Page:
Wednesday, September 18, 2019

The Flaming Fist of Christ Compels You!: The Divine Fury (Saja / 사자, 2019)

Park Seo-joon in Saja (2019).

What if the titular protagonist of Constantine (2005) (Keanu Reeves) was a mixed-martial arts fighter? What if he was really, really good? What if he could burn demons with his bare hand? Writer-director Kim Joo-hwan’s The Divine Fury (Saja / 사자, 2019) answers these questions we never thought we had.

The stoically adorable Park Seo-joon plays protagonist Park Yong-hoo, who at a young age loses his saintly righteous father (Lee Seung-joon) despite a night of fervent prayer and is thereafter consumed by a hatred for the Catholic Church. Twenty years later, he’s an undefeated MFC welterweight champion. On the flight back from a bout in L.A., he dreams of picking up a crucifix that burns his right hand; he can’t shake it off. He wakes to a painful, bleeding palm with marks underneath.

Each night he’s spiritually attacked by demons, and each morning his palm is bloody and in pain. Doctors are useless, so he turns to a blind medium, who directs him to Father Ahn (Ahn Sung-ki), an exorcist from the Vatican; Ahn’s performance projects a depthless wellspring of endless Christian love. Park catches him in the middle of being choked to death by a possessed man after the assistant exorcist, Father Choi (Choi Woo-sik), loses his courage and hightails it. The fight scene between the acrobatic possessed man, previously so formidable, and the champion fighter who easily disposes of him is cathartically comedic, with the fixed long-shot camera emphasizing Park’s matter-of-fact, even lackadaisical attack. But what really finishes off the possessed man, to everyone’s surprise, is Park’s palm, which, combined with a douse of holy water, immolates the guy’s head. It turns out those marks are a Christ-like stigma, which is rather odd for a virulent atheist. Apparently, that oneiric crucifix was given him by his dear departed dad, who still believes in the goodness of his son. Park decides to offer some muscle for the elderly Ahn, and off they go.

As many critics have noted, The Divine Fury is not a particularly scary film, for though there are some classic horror-film camera angles, only one of them pays off as a jump scare, and not a very surprising one at that. Yet there’s atmosphere to spare thanks to Koo Ja-wan’s music. The reigning emotion is dread, not of demons and such, but of the possibility that Park might fall afoul of clichéd plotting. The main heavy, the Satanic Black Bishop (Woo Do-hwan), lays many traps to waylay Park, him of little faith, and every single time, he comes to his senses just before going over the brink. These tests of faith are in fact the main source of conflict in the action sequences.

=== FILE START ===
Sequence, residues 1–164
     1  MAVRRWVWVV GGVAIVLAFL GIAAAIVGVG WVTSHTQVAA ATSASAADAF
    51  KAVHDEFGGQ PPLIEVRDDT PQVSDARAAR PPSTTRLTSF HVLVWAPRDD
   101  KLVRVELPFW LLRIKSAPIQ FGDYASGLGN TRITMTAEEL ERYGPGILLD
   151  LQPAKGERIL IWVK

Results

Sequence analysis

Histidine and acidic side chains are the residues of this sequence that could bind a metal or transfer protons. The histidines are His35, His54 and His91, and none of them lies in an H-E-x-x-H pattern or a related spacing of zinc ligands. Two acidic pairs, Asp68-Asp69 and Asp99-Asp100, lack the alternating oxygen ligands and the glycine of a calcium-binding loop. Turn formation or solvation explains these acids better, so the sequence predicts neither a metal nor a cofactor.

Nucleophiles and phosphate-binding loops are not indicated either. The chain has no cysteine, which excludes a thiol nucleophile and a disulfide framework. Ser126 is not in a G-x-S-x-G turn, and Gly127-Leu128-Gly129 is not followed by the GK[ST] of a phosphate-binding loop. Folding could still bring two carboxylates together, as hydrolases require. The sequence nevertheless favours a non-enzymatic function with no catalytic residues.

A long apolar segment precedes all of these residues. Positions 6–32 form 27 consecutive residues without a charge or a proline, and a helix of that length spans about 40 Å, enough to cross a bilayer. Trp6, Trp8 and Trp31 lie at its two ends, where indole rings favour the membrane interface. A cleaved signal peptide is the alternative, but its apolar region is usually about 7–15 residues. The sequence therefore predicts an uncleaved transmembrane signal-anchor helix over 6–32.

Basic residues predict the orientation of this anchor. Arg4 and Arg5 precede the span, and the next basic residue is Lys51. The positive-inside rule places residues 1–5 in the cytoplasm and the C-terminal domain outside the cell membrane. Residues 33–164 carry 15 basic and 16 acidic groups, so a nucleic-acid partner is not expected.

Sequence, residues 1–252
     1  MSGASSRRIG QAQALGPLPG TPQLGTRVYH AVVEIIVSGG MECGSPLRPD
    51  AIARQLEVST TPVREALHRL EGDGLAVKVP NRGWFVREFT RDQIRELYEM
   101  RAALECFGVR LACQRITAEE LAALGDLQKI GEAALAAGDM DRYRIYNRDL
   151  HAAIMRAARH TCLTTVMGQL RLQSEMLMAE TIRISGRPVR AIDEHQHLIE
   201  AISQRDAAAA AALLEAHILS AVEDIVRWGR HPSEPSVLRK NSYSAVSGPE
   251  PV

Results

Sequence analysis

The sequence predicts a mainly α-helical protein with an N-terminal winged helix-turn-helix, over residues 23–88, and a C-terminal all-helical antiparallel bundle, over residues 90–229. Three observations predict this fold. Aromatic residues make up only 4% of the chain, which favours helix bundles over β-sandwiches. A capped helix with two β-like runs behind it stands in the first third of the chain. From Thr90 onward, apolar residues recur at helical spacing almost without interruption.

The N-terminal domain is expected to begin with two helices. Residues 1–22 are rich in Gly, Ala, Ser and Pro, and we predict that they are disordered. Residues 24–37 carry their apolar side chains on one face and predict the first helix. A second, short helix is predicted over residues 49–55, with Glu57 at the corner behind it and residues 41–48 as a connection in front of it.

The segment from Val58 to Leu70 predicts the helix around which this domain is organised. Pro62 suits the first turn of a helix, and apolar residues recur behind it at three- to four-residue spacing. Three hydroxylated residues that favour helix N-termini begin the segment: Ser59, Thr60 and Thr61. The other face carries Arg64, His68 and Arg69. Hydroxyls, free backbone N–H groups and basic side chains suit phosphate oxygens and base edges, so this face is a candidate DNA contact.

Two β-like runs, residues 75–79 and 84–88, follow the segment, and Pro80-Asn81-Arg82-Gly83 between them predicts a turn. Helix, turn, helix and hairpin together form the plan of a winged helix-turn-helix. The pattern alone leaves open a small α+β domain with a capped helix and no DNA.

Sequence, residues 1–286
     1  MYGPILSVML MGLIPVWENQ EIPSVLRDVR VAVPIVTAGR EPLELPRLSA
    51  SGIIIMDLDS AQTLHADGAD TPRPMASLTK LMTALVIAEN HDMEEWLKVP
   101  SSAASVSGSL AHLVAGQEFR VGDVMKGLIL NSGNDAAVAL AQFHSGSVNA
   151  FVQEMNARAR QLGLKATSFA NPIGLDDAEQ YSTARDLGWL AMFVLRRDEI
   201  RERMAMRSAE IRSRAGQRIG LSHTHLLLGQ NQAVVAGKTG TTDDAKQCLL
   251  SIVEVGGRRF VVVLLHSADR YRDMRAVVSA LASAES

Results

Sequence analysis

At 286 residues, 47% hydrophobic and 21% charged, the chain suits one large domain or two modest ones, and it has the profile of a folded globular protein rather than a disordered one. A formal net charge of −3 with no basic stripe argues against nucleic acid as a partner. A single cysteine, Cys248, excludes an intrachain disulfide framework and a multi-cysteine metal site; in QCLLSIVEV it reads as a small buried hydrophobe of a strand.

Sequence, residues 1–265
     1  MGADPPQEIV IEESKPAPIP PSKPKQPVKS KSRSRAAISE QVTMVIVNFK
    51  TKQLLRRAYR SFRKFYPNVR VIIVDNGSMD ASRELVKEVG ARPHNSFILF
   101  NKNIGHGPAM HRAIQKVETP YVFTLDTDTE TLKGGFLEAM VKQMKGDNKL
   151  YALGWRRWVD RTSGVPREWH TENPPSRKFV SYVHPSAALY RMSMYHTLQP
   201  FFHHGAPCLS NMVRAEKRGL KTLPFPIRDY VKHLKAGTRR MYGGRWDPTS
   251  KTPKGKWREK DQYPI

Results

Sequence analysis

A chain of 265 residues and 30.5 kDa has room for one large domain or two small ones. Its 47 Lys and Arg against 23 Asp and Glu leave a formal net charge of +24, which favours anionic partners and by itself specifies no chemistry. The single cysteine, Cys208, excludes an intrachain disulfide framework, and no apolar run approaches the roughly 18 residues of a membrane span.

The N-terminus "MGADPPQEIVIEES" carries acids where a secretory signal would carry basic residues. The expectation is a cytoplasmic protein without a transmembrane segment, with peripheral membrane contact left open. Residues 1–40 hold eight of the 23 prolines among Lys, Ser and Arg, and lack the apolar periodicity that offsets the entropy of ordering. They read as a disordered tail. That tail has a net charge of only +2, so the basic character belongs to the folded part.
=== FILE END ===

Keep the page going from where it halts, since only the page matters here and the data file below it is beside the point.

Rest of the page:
Ahn Sung-ki in Saja (2019)

This brings us to the film’s theme, almost literally the oldest one in the book, one that’s occupied innumerable artists, including Terrence Malick in The Tree of Life (2011): why do good people die? It’s a simple question with a simple answer (because God’s ways, though full of love, are mysterious), provided here by Ahn, but that doesn’t detract from the question’s profundity, or from the answer’s cold comfort. It’s not a cliché if it takes a lifetime to truly understand it.

What makes the film stand out is that it works on both a theological level and a secular, psychological one, with each bolstering the other in a way few films attempt. It may not be wholly successful, but the ambition elevates The Divine Fury to more than just a midnight movie. Park comes into his own and can fully wield his power only when he accepts God’s arrangements and his father’s intercession on his behalf; only then does he walk into the second half of the final boss fight with a flaming fist. (That fight, by the way, is energetically choreographed, much better than the preceding build-up fight scenes, and Woo’s makeup as a possessed reptilian zombie is a nightmarish marvel.) Divested of its theology, his acceptance is also an acceptance of loss, a transformation of grieving anger into grieving potency.

But the theology is slightly off-kilter. Ahn tells Park that his hatred of Catholicism is but the flip side of his deep faith in the past, so that hating God becomes a form of faith. Sure, perhaps, but you at least have to participate in some sort of religious rite, else you aren’t a Catholic, you’re a Protestant. Constantine’s premise is more consistent: its protagonist is a non-believer who can see angels, demons, and half-breeds (at one point, Tilda Swinton’s Archangel Gabriel says to him that God requires “[b]elief. . . You know, and there’s a difference”), and though he doesn’t believe, he can still perform exorcisms because he uses impersonal tools, like a normal exorcist.

By sacrificing elements such as world-building (Constantine’s signature strength) and scares, the film leaves room for an intricate and seldom-seen nexus of psychology and theology, backed up by cathartic action sequences. We all have inner demons that we hope to God we can overcome – who among us wouldn’t welcome the chance to do so by punching them in the face?

CJ Sheu is a PhD student of contemporary American fiction at National Taiwan Normal University, in Taipei. He also writes about films and film reviews on the side, and has been published in Bright Wall/Dark Room and Funscreen (Taiwan). Check out his blog, or hit him up on Twitter @cjthereviewer.

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